After the War of Wrath and the defeat of his master Morgoth, Sauron fled for a time into the east of the world.1 A period of one thousand years followed in which Sauron was not seen in the west of Middle-earth. As the first millennium of the Second Age turned, Sauron came back. He took the fenced and mountainous land of Mordor, and there began building his mighty Dark Tower of Barad-dûr.
The beginning of Sauron's reign as Dark Lord can be dated from this time: he set himself no less a goal than the conquest of Middle-earth, and perhaps even of Númenor itself.
For six hundred years, he pursued a dual strategy. In the guise of Annatar, the Lord of Gifts, he tutored the Elves of Eregion, teaching them the secret things that only a Maia of Aulë's people could know. From his lore, the Rings of Power were forged, but while he worked with the Elves, he continued the fortification of Mordor to make it an unassailable stronghold.
In the fire-mountain of Orodruin, he secretly forged the One Ring. This was to be the first stroke in his conquest of the west - a device by which he could know, and control, the thoughts of the bearers of the other Rings. His plan failed, though: the Elves became aware of his malevolent presence, and took off their Rings.
Angered by this setback, Sauron loosed the hordes of Mordor, six hundred years in the building, and overran Eriador, destroying the land of Eregion where the Rings were made. The Elves called on Númenor for aid, though, and the army of Tar-Minastir put Sauron's forces to rout. After this reverse, Sauron sought instead to build power in the eastern countries, and left the Westlands in peace for many centuries.
When Ar-Pharazôn usurped the throne of Númenor in 3255 (Second Age), he saw Sauron's growing eastern kingdom as a threat. Building and equipping a mighty fleet, he sailed for Middle-earth, and landed at Umbar, to the south of the Mouths of Anduin. Ar-Pharazôn demanded that Sauron submit to his authority and, seeing that the might of the Númenóreans far outstripped his own, and conceiving of a means to overthrow his enemies by subtlety rather than force, Sauron agreed.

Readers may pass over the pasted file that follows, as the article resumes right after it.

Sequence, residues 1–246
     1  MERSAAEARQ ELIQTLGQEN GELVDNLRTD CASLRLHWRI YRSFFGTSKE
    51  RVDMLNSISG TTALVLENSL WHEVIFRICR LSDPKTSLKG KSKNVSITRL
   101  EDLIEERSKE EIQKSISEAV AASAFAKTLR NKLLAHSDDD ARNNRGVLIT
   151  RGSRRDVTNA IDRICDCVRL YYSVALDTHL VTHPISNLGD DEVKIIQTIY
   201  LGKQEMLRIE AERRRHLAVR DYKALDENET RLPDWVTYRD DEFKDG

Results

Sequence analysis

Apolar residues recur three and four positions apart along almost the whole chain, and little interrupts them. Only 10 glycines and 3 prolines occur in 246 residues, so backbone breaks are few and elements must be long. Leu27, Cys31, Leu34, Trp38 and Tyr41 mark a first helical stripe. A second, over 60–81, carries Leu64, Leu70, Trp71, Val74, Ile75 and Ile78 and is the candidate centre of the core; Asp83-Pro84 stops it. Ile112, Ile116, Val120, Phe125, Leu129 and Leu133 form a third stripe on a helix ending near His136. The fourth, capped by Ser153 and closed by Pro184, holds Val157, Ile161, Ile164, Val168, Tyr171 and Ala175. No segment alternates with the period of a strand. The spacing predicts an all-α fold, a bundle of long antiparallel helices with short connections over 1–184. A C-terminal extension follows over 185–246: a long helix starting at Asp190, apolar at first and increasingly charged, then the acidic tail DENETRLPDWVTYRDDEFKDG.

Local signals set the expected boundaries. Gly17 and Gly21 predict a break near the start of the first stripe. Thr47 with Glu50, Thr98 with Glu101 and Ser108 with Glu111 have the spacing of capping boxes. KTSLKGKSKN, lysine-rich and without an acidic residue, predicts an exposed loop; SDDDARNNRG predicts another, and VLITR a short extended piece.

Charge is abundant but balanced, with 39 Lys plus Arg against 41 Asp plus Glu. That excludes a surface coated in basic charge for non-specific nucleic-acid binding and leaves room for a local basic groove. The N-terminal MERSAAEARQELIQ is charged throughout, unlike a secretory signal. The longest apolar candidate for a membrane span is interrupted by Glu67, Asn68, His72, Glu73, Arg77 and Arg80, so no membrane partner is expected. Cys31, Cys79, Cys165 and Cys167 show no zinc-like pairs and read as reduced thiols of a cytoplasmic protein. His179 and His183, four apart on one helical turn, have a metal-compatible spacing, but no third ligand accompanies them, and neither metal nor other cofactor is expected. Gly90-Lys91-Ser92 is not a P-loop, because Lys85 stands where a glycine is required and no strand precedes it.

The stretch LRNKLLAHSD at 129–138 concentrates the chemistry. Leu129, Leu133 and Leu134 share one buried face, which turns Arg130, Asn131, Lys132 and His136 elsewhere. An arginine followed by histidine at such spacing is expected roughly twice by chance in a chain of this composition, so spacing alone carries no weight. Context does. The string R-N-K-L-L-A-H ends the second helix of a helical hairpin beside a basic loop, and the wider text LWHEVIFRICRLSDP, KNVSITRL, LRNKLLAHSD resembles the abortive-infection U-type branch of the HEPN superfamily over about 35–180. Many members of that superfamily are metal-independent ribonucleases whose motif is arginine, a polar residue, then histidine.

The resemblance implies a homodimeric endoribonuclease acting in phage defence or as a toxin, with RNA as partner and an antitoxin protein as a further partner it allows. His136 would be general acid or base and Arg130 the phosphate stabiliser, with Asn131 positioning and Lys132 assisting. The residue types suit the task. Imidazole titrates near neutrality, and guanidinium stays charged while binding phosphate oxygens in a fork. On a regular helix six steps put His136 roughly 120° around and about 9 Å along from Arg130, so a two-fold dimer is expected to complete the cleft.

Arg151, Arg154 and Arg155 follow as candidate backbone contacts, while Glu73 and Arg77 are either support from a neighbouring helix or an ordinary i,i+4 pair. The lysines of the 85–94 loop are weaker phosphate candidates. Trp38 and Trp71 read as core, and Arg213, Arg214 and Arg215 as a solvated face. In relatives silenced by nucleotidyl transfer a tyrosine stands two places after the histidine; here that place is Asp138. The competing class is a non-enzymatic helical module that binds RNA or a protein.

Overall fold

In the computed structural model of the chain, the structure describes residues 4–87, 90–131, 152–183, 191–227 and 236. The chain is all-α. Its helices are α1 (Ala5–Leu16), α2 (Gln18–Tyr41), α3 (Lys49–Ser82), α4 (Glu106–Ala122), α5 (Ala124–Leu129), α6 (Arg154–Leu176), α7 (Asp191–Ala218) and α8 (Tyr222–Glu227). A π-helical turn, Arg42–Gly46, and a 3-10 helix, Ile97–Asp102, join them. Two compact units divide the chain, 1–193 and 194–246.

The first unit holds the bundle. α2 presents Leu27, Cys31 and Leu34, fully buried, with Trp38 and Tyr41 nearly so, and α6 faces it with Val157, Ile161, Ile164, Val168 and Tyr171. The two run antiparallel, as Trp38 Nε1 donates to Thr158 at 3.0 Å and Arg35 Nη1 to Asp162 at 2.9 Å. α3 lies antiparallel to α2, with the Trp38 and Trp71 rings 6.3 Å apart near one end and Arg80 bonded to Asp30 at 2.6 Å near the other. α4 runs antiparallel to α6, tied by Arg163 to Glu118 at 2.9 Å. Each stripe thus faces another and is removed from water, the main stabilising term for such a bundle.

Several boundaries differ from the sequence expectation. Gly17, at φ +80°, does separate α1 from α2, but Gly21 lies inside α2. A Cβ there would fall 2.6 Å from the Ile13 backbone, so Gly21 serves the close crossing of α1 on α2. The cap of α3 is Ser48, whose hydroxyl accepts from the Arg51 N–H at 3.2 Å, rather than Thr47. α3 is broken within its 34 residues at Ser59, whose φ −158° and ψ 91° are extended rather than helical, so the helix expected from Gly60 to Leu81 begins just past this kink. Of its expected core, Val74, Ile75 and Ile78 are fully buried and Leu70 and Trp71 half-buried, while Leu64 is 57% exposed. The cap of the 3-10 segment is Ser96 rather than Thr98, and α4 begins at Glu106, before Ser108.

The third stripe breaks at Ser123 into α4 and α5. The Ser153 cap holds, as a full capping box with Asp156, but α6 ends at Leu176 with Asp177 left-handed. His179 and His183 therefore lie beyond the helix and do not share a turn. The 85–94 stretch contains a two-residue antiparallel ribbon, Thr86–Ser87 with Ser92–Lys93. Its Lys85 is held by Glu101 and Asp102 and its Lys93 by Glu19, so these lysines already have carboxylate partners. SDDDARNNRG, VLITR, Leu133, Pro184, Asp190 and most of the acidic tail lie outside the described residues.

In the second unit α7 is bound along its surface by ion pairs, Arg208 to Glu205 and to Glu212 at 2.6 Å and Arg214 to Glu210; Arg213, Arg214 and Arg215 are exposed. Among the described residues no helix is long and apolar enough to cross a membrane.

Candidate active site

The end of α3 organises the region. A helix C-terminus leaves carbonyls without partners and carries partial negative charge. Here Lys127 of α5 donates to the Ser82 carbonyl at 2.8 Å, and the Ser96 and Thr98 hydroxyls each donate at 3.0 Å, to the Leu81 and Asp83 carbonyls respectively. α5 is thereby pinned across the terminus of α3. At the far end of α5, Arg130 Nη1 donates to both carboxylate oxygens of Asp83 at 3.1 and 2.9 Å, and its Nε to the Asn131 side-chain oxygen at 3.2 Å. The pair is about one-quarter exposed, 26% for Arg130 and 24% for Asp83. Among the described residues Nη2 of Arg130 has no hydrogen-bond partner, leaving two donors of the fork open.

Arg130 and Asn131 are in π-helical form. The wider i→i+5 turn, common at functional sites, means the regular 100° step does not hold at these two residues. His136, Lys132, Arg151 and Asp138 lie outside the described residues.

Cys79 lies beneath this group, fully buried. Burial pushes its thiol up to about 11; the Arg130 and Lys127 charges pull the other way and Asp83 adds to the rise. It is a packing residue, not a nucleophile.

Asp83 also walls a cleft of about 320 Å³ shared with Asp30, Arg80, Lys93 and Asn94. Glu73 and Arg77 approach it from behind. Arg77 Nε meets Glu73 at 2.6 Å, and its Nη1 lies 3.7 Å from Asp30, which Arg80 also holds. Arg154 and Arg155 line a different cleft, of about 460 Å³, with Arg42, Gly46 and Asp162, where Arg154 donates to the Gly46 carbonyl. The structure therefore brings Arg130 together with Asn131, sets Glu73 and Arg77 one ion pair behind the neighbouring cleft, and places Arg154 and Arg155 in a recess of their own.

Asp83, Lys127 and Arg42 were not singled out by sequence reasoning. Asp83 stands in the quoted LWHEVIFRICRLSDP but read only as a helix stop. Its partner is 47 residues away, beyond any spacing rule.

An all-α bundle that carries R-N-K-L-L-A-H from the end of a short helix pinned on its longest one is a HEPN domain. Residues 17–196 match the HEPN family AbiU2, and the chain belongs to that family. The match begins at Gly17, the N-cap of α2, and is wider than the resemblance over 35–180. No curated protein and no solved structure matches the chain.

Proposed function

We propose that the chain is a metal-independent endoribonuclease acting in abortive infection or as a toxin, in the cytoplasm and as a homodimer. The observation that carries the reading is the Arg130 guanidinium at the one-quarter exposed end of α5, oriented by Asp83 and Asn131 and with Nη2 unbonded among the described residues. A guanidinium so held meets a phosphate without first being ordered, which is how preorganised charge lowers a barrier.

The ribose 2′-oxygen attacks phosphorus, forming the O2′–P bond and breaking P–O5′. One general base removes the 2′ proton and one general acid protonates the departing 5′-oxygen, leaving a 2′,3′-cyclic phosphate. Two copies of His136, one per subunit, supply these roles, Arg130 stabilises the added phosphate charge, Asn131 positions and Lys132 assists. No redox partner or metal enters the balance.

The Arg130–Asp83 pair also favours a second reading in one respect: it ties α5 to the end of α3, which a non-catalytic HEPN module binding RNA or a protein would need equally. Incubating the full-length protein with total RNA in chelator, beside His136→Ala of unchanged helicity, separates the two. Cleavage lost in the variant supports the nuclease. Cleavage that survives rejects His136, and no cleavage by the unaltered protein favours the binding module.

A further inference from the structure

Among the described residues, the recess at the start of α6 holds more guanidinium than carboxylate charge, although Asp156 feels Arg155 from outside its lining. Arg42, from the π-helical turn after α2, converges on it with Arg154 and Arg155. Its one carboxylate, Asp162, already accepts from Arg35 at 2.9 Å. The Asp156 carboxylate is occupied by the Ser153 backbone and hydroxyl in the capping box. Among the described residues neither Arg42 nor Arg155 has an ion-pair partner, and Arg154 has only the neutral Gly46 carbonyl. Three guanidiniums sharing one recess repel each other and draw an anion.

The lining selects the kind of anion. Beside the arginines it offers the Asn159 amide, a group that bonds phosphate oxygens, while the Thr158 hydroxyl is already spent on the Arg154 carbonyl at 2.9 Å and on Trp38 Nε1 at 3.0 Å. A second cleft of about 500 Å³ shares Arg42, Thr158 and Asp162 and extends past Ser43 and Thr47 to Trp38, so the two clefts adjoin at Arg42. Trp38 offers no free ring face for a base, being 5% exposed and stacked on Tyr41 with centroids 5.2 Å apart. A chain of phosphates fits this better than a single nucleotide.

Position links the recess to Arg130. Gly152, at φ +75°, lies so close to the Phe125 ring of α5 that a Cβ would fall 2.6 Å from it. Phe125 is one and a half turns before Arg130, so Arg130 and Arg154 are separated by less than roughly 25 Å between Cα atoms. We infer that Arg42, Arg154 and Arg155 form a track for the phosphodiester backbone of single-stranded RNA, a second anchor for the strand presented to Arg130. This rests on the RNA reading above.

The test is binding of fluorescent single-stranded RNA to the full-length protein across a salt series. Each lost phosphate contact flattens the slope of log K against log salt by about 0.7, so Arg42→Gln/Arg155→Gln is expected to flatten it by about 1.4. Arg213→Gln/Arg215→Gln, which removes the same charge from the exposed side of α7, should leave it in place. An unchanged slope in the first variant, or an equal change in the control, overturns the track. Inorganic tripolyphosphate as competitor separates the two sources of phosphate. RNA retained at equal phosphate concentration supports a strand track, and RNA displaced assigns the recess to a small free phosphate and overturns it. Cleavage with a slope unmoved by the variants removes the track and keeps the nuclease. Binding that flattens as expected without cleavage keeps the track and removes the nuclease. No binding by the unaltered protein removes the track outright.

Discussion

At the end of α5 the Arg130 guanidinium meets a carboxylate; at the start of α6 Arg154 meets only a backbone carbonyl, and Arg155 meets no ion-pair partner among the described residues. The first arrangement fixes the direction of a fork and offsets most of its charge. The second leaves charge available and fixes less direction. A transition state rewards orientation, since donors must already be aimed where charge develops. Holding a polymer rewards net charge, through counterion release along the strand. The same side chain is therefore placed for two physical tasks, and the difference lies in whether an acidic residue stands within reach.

The Shapes of Sauron
All of the Ainur had the ability to change their form, but none held so many different shapes as Sauron. During the First Age, his accustomed form seems to have been that of a dark sorcerer, commanding a host of evil things, and especially werewolves and their kind. He shifted form many times in his existence, though, especially during his duel with Huan; among the shapes he wore were:
- Wolf-Sauron. This was the monstrous wolf-shape he chose when he went forth from his fortress on Tol-in-Gaurhoth to battle with Huan.
- During the battle, he changed his form to that of a serpent in his struggles to escape.
- Finally, after Huan released him, he became a great vampire, and fled into the east, 'dripping blood from his throat upon the trees'2.
It is very noticeable that there is no mention of Sauron taking part in the War of Wrath. After the loss of his Isle, he fled to Dorthonion: the next we hear of him is then after the War, when he parleys with Eönwë, the captain of the Valar's forces. The simple fact that Sauron survived Morgoth's obliteration is very telling, and strongly suggests that he must not have taken an active part himself.
This is consistent with what we know of Sauron's character - he always prefers to work from behind the scenes, manipulating events to his favour. On the rare occasions where he goes into battle himself, he is always defeated. This perhaps helps to explain his decision in the later Second Age not to offer battle to the armies of Númenor.
Sauron's desire to work from the shadows is most strongly represented in The Lord of the Rings itself: although he gives his name to that book, and is of pivotal importance to the plot, he never makes a physical appearance.
This quote comes from The Silmarillion, 19 Of Beren and Lúthien, and hints at a peculiar characteristic of the Ainur's shape-changing abilities. Injuries sustained in one form - in this case wounds from the battle with Huan - seem to persist to other forms. We see this again in The Lord of the Rings; Gollum says (in IV 3 The Black Gate is Closed) 'He has only four [fingers] on the Black Hand'. This is a reference to Isildur's cutting the Ring from his hand at the end of the Second Age, but Gollum is speaking at the end of the Third. Though Sauron had built himself a new form since his defeat, he could not, it seems, recreate his lost finger.